France is facing fuel shortages across the north and west of the country as protests against labor law reforms rock the nation.
Over 820 stations out of a total of 11,500 gas stations in France were out of fuel on Sunday and another 800 were lacking at least one type of fuel, announced Transport Minister Alain Vidalies, according to several media reports.
Truck drivers belonging to trade unions have also blocked delivery to gas stations across the country from four of France's eight refineries.
Union members and students are protesting against laws passed by decree this month by President Hollande's government aimed at reforming the country's notoriously inflexible workers' rights – including making changes to the 35-hour work week and making it easier for small businesses to hire and fire employees.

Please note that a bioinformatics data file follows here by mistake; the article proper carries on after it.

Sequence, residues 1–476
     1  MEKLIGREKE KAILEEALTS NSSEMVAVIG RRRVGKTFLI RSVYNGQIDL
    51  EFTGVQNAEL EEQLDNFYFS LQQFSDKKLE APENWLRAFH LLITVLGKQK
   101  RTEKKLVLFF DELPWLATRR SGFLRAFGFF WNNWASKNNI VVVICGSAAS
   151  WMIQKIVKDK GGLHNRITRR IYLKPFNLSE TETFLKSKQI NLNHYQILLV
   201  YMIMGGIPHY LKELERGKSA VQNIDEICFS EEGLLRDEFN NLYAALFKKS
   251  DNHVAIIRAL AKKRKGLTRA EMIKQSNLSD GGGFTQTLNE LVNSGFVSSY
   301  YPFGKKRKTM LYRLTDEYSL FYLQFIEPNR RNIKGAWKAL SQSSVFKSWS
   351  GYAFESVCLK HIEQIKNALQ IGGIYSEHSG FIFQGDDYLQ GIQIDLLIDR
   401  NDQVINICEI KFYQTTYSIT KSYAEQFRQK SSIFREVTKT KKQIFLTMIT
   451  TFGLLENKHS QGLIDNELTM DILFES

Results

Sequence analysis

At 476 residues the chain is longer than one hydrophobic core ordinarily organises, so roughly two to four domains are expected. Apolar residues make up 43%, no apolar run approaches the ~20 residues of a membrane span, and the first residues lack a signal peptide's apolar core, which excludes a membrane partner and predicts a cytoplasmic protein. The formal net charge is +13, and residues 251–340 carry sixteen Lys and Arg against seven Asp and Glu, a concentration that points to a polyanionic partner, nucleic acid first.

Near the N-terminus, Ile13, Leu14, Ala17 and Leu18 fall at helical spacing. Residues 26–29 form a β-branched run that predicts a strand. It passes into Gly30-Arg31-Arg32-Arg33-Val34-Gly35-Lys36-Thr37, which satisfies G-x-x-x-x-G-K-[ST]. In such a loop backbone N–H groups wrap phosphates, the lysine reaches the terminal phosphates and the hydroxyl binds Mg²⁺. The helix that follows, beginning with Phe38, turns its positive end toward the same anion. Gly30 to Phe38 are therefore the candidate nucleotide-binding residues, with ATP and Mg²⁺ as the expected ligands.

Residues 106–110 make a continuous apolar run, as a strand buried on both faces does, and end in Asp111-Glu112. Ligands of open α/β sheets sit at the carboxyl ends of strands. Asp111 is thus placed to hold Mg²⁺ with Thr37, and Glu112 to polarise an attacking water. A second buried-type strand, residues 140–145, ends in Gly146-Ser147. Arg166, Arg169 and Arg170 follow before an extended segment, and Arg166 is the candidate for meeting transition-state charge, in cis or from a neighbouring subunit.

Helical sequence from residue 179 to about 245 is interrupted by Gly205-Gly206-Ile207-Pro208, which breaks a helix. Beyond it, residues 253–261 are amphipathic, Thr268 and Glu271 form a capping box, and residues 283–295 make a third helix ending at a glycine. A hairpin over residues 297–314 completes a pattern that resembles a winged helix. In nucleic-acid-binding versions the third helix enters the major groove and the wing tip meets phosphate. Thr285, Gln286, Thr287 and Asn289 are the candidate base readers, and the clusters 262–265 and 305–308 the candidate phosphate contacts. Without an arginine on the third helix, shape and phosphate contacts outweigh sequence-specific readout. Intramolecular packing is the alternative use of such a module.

Nonetheless, since February, the French government has already watered down its suggested changes significantly due to the often violent protests – but protesters are still unhappy with the proposed changes.
The government says reforming the country's employment laws will free up businesses to offer more permanent contracts. Currently, the majority of new French private-sector jobs are on short-term contracts.
Many blame France's unemployment rate on this, which currently stands at an 18-year high of more than 10.2 percent with almost one in four under-25s unemployed, according to the European statistics service Eurostat.